of the pediatric deaths have been vaccinated but in the past 80% of pediatric deaths are occurring in children who did not get the vaccine. it's still not too late to get vaccinated. it is one of the best things we can do to protect ourselves. >> bottom line, take this seriously. >> absolutely. >> and keep those hands clean. get vaccinated. >> and it's in my household so i'm taking it very seriously. >> oh. >> my daughter. >> are you on tamiflu? >> my daughter has the flu. she's on tamiflu and i am on tamiflu because i do deal with pregnant patients and as a preventive measure. no glt ever don't shoo me off. >> no, we ice jams across the northeast, lower susquehanna. high alert for potential more flooding through the next day or two. delaware river, as well.
all susceptible to this sort of scene. we'll have temperatures above average in the 50s across the northeast. more seasonal down in the south. we'll get 20s and teens across the midwest and detroit 29 degrees. we have rain across parts of southeast texas, flood watch posted moves off toward the east, could see 2 to 3 inches of rainfall with this system. tail end of this up along the northeast, maybe enough cold air to make it turn into snow. we'll talk about. local weather now. >> reporter: i'm meteorologist chris sowers with this accuweather update. we have sunshine, temperatures in the mid to up 50s today. it's going to be a real nice one. the exclusive accuweather seven-day forecast, temperature-wise not too bad,
54. expect clouds and periods of rain early on. monday, sun to clouds, 46. tuesday morning there could light snow around, 36 degrees. ? >> what do you mean back here? >> let's see how you behave in the interim. >> yes, sir. >> we enjoy you. >> i think you can be here. >> rob being inside in a warm studio. >> ron would miss you if you weren't right next to him, wouldn't you, ron? >> probably. >> you know, i'll take that. i'll take that. >> that is a good answer. >> the news department. >> we're going to begin with breaking news actually out of afghanistan where the taliban have claimed responsibility for a deadly bombing overnight in kabul. the afghan health ministry reporting that at least 40 people have been killed and 140 injured in an explosion in the center of the afghan capital. the ministry says the suicide bomber was driving an ambulance to get through a checkpoint. and this morning democrats are calling on the republican national committee to return donations
made by its finance chairman vegas casino mogul steve wynn as "the wall street journal" reports that dozens of female workers, casino workers are accusing him of sexual misconduct and the report claiming some of the women would hide from him. others refusing to be alone with him in a room. he has called them preposterous. in pennsylvania, teenagers being hailed as a hero for preventing a possible shooting at this school. near pittsburgh, the student overhearing a 14-year-old classmate on the bus allegedly talks about planning to shoot four students. that student then recording the conversation and contacting police. police say they found an arsenal of weapons in the suspect's bedroom. he now faces multiple charges. troubling new data released by the nfl showing that the number of concussions reported by players in 2017, last year, was the highest as it's been in six years. 281 concussions reported during the preseason and season. the biggest jump was in those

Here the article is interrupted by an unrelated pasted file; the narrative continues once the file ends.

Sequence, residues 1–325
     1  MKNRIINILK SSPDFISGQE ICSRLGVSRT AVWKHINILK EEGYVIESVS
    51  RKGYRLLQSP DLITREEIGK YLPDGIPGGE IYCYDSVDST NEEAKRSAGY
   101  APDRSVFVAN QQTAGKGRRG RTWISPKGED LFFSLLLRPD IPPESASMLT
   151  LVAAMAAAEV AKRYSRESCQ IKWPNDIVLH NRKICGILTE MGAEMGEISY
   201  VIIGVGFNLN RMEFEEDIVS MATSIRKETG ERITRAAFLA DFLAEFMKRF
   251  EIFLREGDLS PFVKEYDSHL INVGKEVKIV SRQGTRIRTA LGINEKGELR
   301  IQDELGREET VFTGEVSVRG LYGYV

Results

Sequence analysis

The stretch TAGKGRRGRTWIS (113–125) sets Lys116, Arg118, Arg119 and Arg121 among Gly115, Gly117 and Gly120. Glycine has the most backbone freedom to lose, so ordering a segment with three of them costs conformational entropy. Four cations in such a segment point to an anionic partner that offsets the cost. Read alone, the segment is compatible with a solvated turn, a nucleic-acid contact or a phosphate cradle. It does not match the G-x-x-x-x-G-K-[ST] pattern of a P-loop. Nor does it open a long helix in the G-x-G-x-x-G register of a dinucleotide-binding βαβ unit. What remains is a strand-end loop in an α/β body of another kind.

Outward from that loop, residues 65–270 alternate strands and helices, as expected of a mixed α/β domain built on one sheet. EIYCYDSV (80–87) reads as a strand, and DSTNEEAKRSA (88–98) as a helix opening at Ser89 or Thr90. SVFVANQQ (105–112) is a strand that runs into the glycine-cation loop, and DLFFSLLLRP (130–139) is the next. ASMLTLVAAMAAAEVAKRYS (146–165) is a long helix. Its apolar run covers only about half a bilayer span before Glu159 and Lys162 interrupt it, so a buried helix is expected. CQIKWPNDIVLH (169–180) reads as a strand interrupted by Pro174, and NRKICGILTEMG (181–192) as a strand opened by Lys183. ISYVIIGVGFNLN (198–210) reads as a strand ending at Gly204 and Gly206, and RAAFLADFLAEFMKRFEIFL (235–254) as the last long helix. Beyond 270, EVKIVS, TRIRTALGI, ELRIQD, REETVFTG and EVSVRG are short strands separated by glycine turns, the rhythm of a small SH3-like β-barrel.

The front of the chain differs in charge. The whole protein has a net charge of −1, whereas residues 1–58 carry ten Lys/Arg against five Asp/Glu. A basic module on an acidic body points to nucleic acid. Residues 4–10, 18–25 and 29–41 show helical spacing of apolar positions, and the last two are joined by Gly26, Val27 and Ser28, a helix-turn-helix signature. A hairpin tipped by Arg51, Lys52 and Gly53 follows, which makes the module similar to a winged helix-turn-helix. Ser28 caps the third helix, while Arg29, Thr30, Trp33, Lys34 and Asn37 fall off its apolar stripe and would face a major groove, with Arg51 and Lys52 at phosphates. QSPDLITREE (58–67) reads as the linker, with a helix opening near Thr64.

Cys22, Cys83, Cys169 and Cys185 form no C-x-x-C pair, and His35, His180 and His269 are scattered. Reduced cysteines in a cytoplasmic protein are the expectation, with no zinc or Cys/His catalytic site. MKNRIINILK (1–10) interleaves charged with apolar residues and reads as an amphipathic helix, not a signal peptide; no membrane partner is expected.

occurring in the preseason. 91 concussions reported. 46 during preseason games and 45 during practice. the league saying it's looking into what may have caused this dramatic increase. tiger woods narrowly making the cut for this weekend's farmers' insurance open in torrey pines near san diego, california. the seven-time farmers winner making his first pga tour cut since 2015. >> that's incredible it's been that long. >> yeah, and check this out. woods rallied with four birdies in the past -- last nine holes. pretty amazing, the one-time top player in the world plagued by injuries in recent years and said he's happy to be competing again. quite a surge at the end. and finally, a dramatic rescue in georgia after a cat got trapped in a drainpipe for four days. crews using a bobcat, the machine, not a real bobcat. >> thank you. >> not the big cat. >> to remove a huge block of stone from the home in rossville and then cutting open the pipe. >> ah. >> after about 30 minutes you see that, they are finally able to get the kitty out. >> hungry. >> hungry, but unharmed.
eight lives left to go, i would say. >> yeah. >> and still smarter than dogs. >> well, wait a minute. wait a minute. >> i was going to see how that went. >> from our cat person here. >> dropping bombs. >> catman. >> cats are just apathetic. >> that cat didn't look apathetic. that cat looked hungry and very much in the game. >> he didn't want to give anybody any love even though his life was saved. >> the controversial debate. >> from the man who has both a cat and dog. all right. we will continue this argument in the next half hour. also coming up, a much more serious story. the billionaire murder mystery, a pharmaceutical mogul and his wife found dead in their mansion. the new twist in this case. and mind-blowing moves at the high-flying x games. it's an olympic warm-up for many athletes so who is soaring among the competition. >> that's rob. >> is it really? and what tom cruise is revealing about the next "mission: impossible" movie coming coming up with adrienne. "good morning america" is brought to you by taltz.